• /dev/hdaX if you are using a IDE harddrive, X is the number of the partition (use fdisk -l to list your partition info)
  • /mnt/C the mount point, where the windows partition is attached
  • vfat - vfat for 98x or ntfs for NTFS partition
  • auto - Mount the partition at boot time
Other possible parameters you can use uid/gid , showexec, umask etc.. the fstab manual page (man fstab) has detailed information about all the options. Also if you want your windows partition to check for errors with fsck.vfat at boot time check the last entry in the line from 0 0 to 0 1 .

Pidgin Sound Notifications

Pidgin Purple logo If you haven't used Pidgin (formerly gaim) then you should give it a try. The USP of the program is that it supports a wide range of Instant messaging protocols.

  • AIM
  • Bonjour
  • Gadu-Gadu
  • Google Talk
  • Groupwise
  • ICQ
  • IRC
  • MSN
  • MySpaceIM
  • QQ
  • SILC
  • SIMPLE
  • Sametime
  • XMPP
  • Yahoo!
  • Zephyr

Now, you *now* know what I am talking about ;o).

Being a fantical lightweight desktop user, I am currently running custom complied Fluxbox as my window manager and I don't use a sound daemon like ESD too.

So when the pidgin package on GNU/Debian suggested that I use gstreamer to play the silly pings and pongs my geek soul quivered.

$ apt-cache show pidgin Package: pidgin Priority: optional .... Some extra packages are recommended to use the core functionality present in most pidgin installations: * gstreamer0.10-plugins-base, gstreamer0.10-plugins-good - Sound support. .

Instead of installing gstreamer and plugins I decided to use aplay from the alsa-utils packages which also has commonly used alsamixer, amixer.

Pidgin Preferences dialog box

So in Sound Panel of Pidgins Preferences (see image above) which available under tools menu, I selected the sound method as *command* and sound command as "aplay -q %s".



If you don't want to play any sounds and happy with just console beeps then you can set the sound method to *beep*.



Pidgin Sound Preferences dialog box



And don't forget to test the sounds by using test button in the *Sounds Events* section below. If you still don't hear any sounds, either the sounds are muted in Pidgin or you must have messed up something.

Decompressing 7-zip ( 7z ) archive files

7-zip is toted to have a higher compression ratio than the regular zip archives. The 7-zip compressed files usually have a .7z extension , but lets check with 'file' command to find what kind of file it is. $ file archive.7z archive.7z: 7-zip archive data, version 0.2 ( For this tutorial I created a 7-zip compressed archive (archive.7z) with few blank files beforehand.) Alright now lets find out what packages in GNU/Debian Sid provide tools to handle 7-zip files. $apt-cache search 7-zip advancecomp - collection of recompression utilities krusader - twin-panel (commander-style) file manager for KDE (and other desktops) lzma - Default and general compression method of 7z format in 7-Zip program p7zip - 7zr file archiver with high compression ratio p7zip-full - 7z and 7za file archivers with high compression ratio p7zip-rar - non-free rar module for p7zip Hmm, Lets go with "p7zip" package and install it. $ apt-get install p7zip The "p7zip" package provides /usr/bin/7zr program which I here use to list (l) and extract (x) our archive file. Listing with "l" parameter shows the contents of the archive. $ 7zr l archive.7z 7-Zip (A) 4.55 beta Copyright (c) 1999-2007 Igor Pavlov 2007-09-05 p7zip Version 4.55 (locale=C,Utf16=off,HugeFiles=on,1 CPU) Listing archive: archive.7z Solid = - Blocks = 0 Date Time Attr Size Compressed Name ------------------- ----- ------------ ------------ ------------------------ 2007-09-27 16:18:37 ....A 0 0 bar1 2007-09-27 16:18:58 ....A 0 0 bar2 2007-09-27 16:18:58 ....A 0 0 bar3 2007-09-27 16:18:58 ....A 0 0 bar4 ------------------- ----- ------------ ------------ ------------------------ 0 0 4 files, 0 folders Lets extract the files in the archive with "x" option. This uncompress the files to the current directory. $ 7zr x archive.7z 7-Zip (A) 4.55 beta Copyright (c) 1999-2007 Igor Pavlov 2007-09-05 p7zip Version 4.55 (locale=C,Utf16=off,HugeFiles=on,1 CPU) Processing archive: archive.7z Extracting bar1 Extracting bar2 Extracting bar3 Extracting bar4 Everything is Ok Total: Folders: 0 Files: 4 Size: 0 Compressed: 130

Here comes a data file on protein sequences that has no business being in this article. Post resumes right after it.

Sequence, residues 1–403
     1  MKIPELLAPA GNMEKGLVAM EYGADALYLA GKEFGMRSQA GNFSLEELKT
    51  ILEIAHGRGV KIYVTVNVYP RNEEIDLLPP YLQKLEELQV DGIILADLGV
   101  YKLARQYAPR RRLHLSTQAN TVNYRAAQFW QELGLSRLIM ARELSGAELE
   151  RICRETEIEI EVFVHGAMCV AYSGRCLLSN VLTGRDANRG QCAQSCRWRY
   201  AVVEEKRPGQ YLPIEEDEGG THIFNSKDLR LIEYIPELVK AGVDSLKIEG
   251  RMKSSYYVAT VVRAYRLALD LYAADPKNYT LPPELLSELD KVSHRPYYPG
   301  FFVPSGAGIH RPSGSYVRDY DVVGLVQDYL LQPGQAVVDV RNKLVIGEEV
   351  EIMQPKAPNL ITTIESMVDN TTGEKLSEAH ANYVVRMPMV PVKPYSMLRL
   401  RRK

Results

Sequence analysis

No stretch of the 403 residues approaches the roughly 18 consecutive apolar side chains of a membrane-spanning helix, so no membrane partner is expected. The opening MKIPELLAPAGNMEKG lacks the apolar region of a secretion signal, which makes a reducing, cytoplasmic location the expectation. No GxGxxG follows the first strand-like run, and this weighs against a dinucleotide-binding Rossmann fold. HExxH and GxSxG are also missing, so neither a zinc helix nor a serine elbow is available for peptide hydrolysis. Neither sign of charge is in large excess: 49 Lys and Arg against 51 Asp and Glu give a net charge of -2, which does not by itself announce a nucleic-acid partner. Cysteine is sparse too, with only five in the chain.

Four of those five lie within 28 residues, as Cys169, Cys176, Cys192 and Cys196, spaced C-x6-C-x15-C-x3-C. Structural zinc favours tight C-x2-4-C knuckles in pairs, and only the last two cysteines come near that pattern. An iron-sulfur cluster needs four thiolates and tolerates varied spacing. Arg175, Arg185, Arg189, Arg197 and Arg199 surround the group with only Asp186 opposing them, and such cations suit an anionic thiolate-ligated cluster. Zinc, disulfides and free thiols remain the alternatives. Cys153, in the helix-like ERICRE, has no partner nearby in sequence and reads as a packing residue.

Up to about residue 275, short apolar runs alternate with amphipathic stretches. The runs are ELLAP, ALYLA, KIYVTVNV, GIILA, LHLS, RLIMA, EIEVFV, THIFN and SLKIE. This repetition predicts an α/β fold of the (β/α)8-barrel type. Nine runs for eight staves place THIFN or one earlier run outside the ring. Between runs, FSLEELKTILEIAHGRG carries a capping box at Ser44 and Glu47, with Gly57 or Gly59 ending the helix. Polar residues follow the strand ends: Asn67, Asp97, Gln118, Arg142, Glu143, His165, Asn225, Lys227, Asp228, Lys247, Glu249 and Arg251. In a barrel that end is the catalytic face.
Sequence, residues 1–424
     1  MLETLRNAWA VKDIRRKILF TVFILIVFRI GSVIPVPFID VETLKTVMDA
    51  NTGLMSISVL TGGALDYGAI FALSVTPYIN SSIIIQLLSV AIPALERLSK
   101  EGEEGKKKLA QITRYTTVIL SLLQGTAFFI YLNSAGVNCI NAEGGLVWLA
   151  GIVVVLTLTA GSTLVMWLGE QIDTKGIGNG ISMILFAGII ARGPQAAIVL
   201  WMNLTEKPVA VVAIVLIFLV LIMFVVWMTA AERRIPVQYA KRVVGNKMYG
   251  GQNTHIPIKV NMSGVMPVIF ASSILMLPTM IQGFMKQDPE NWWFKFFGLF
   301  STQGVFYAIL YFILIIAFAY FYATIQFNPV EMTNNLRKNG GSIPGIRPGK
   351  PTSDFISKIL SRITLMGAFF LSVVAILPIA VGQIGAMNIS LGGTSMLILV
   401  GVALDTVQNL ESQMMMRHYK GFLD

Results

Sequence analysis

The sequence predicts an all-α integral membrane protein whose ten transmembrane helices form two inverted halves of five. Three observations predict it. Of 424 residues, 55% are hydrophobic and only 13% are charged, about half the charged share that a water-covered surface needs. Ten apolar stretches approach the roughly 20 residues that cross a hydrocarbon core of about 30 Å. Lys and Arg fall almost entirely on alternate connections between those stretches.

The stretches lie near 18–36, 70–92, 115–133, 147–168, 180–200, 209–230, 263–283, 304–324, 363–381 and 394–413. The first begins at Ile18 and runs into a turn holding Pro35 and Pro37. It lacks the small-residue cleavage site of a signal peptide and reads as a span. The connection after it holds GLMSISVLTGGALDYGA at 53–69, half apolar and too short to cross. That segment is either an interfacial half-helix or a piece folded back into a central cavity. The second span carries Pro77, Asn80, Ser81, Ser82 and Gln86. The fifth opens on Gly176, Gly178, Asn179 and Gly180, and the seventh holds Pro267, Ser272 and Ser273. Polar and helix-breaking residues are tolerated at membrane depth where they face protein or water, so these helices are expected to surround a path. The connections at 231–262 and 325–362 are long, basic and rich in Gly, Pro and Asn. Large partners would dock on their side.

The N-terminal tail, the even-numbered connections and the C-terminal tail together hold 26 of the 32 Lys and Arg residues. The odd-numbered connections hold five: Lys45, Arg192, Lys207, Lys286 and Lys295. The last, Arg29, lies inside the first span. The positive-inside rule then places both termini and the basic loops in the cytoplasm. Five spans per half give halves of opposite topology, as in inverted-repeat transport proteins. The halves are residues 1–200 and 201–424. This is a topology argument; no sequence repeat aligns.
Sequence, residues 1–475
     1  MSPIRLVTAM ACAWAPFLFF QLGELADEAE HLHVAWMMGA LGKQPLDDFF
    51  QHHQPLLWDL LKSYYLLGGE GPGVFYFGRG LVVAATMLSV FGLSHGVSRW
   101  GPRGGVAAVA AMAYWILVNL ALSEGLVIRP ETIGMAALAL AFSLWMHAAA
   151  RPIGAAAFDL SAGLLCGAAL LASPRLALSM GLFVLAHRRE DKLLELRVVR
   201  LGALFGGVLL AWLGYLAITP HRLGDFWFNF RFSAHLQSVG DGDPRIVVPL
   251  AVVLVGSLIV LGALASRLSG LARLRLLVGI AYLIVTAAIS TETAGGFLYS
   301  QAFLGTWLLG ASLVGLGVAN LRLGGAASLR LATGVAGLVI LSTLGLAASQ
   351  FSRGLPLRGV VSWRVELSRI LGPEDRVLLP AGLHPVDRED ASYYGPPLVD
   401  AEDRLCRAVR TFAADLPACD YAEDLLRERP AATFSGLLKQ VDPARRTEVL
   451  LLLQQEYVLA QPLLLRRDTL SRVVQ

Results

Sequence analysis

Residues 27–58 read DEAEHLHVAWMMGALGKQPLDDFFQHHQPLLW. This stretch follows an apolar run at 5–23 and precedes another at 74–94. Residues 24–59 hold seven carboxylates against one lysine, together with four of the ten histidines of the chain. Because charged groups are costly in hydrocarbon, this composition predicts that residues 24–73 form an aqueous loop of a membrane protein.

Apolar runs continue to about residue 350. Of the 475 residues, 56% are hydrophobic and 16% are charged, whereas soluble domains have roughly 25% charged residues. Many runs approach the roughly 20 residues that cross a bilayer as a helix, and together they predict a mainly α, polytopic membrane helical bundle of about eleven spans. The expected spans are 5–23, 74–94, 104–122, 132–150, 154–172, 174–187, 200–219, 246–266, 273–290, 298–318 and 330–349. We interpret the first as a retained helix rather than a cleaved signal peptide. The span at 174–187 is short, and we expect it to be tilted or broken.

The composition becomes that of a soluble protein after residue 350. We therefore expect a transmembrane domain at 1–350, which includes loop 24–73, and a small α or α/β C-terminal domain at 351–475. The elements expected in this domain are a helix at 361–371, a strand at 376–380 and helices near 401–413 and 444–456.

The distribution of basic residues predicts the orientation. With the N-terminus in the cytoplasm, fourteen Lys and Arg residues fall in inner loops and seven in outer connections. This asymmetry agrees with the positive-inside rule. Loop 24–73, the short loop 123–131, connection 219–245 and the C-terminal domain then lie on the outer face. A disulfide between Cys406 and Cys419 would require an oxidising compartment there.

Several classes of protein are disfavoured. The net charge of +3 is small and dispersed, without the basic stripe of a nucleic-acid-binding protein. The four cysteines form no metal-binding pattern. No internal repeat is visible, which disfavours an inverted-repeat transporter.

Installing Flash Plugin in Debian